An Issue of Sovereignty

Disclaimer: This post is from the archives, and may not represent the current views of the author. It also may not be at all interesting to read. Continue at your own peril!

There’s not much to say about last night or today. Last night I worked, and it was fairly boring. Today was church, and it was good. But my heart was in neither of those places. My heart and my thoughts were still occupied with yesterday afternoon. You got just a hint of it in the previous blog entry – but it just didn’t stop there.

After writing that entry up, I went upstairs and got some supper before I went to work. But I also had a bit of a shouting match with God. I suppose I can’t really call it that since I wasn’t shouting, but if normal prayer is compared to normal conversation, the intensity of this was at the level of a shouting match. I was arguing with Him, and just pleading with Him for change. And I know you’re saying, “Jeff! Arguing with God?! How could you?” Well, my response to that would be that if David did it all throughout the Psalms, then I figure I can too. God loves passion as long as it’s directed in the right place. Here I was, asking God, “Why don’t I see You working in the lives of those around me? Why can I see the work of the devil more than I can see Your work? That’s just not how it’s supposed to be!” And I guess God was pretty patient with me and my incessant questions.

I calmed down after a little while, but the prayer continued. I asked Him to work in the lives of those in the youth group, as well as in the lives of a couple other people I’ve been asked to pray for. But then I just prayed for myself as well. It just didn’t feel right to be praying for God to change other people without first admitting my own failures. I asked for His help and mercy, and then thanked Him for His continual faithfulness. After all, I know that any change in me is not a result of myself, but rather His work in my life. I don’t have the strength to change myself on my own; it’s only God’s strength that can change lives.

It was somewhere in between my house and the Brantford Mall that God gave me a response. I was driving to work, still praying and asking Him for change, and then He showed up. I mean, He was always there to begin with, but it was the reassurance that He gave me that really meant the most to me. At that moment, the answer came. He first thanked me for the honesty I had expressed. I know that at times I try to fool God by praying about something when my thoughts are elsewhere – and I doubt I’m the only one. It’s as if we forget that God already knows our thoughts. But this was my honest expression to Him, and He was grateful for it. Then His answer was: “Trust Me.” At first, it doesn’t seem like much of a response. I spent so much time pouring my heart out to God, and all He can say is, “Trust Me”? But I knew that it wasn’t the answer that mattered so much as the Person who answered. If God says to trust Him, I know that I can – because He’s always proven trustworthy in the past. I mean, if God can’t do something, then who can? Who better is there to trust? But also, just the fact that He did answer me was reassurance enough. I mentioned recently that sometimes it just felt like I was praying to a wall. There didn’t seem to be a response, or any indication that He had even heard me, though I knew He had. But the answer came this time.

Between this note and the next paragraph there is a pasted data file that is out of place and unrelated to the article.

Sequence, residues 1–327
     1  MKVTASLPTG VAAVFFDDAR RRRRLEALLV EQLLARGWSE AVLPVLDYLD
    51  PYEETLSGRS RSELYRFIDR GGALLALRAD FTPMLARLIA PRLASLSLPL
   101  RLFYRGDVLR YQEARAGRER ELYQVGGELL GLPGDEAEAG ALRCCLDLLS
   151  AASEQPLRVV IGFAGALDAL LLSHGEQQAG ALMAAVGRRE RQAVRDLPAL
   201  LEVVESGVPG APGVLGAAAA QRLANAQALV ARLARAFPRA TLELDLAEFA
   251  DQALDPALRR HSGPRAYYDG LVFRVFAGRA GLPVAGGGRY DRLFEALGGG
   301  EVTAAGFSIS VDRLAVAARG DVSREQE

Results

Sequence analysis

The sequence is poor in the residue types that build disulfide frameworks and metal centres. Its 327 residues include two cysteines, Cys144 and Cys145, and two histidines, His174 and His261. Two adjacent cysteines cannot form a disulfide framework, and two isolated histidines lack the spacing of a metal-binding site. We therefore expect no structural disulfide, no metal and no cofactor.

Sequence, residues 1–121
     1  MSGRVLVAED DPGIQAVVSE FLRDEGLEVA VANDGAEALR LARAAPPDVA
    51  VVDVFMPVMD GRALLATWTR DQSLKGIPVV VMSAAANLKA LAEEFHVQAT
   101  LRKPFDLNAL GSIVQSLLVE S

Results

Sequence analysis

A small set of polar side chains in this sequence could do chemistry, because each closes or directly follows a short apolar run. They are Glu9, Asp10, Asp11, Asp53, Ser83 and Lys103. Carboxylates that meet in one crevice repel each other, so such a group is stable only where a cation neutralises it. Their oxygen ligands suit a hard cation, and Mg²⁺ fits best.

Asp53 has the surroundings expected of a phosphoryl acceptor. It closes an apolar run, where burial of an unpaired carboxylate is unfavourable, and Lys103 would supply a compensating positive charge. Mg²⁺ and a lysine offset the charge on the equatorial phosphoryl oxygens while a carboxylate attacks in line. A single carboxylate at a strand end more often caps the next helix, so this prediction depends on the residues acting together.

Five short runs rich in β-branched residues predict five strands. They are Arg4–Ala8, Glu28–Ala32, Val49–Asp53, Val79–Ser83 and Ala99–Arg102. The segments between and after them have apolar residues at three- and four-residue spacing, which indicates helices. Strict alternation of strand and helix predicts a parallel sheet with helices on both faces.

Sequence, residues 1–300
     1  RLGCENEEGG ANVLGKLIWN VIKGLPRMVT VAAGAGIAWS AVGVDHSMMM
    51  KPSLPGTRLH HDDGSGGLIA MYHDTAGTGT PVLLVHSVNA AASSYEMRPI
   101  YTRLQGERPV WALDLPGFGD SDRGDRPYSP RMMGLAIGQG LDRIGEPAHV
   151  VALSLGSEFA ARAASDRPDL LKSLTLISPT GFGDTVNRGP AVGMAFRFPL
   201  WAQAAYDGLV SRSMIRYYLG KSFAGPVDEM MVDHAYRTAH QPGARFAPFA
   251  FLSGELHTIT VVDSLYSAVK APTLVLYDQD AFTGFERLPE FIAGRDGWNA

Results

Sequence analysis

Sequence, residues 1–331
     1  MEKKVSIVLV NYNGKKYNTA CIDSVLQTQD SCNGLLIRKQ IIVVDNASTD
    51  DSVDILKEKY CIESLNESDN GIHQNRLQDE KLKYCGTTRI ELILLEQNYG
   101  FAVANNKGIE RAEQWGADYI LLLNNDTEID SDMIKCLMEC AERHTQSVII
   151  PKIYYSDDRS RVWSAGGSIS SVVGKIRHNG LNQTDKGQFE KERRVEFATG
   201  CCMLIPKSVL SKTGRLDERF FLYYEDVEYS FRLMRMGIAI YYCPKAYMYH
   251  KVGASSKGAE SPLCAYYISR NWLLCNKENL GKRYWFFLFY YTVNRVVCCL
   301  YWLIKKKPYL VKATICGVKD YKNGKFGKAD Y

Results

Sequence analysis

So now my job is to sit and wait. I will continue to pray, and I will continue to believe in faith that my God can move mountains. He can, as we sang in the service this morning, “melt the heart of stone.” If anyone can change hearts, it’s God, and so I put my trust and faith in Him and Him alone. He will accomplish His purposes in His own time, and my job is not to question Him constantly, but rather to believe and have a willing heart so that if He so chooses, He can use me. Recently, in devotions, I read the book of Job. For thirty-seven chapters, it’s just people arguing back and forth. The book is so long, and it’s just a group of people telling Job that he sinned and needed to ask for forgiveness. Job then sits there and argues back that he hasn’t sinned. But then, to start off chapter 38, God shows up. To summarize, He basically says, “Hey guys, shut up and listen to Me! You don’t know everything, so don’t sit there and argue like you know it all. I’m the one that figures everything out, and your job is to trust that I know what I’m doing.” Nobody has much to say after that. Job spits out a few words of repentance, saying, “Hey, okay God, You’re way too far above me for me to have anything to say to challenge You. You’re in charge, not me. I’ll shut up now.”

Yesterday was sort of a Job day for me. I went and questioned God, not out of unbelief, but just out of utter confusion, and then He came along and said, “Hey, I’m in charge, not you. So don’t try to understand it. Just know that I do.” And if that isn’t something awesome, I don’t know what is. God’s got things in control, and although we can’t always see Him working, He’s got plans that will encompass the world. And our job is not to understand them, but to fall in line with them. And that’s all we really need to know.

So I guess yesterday was a learning experience for me. Now I just have to wait and see what God has in store. He’ll do what He wills in His own time, and I guess life wouldn’t be much of an adventure if we knew everything that He was going to do ahead of time. But with that said, I think I’m done talking for today. I’ve said too much already, and now it’s time for me to just shut up like Job.

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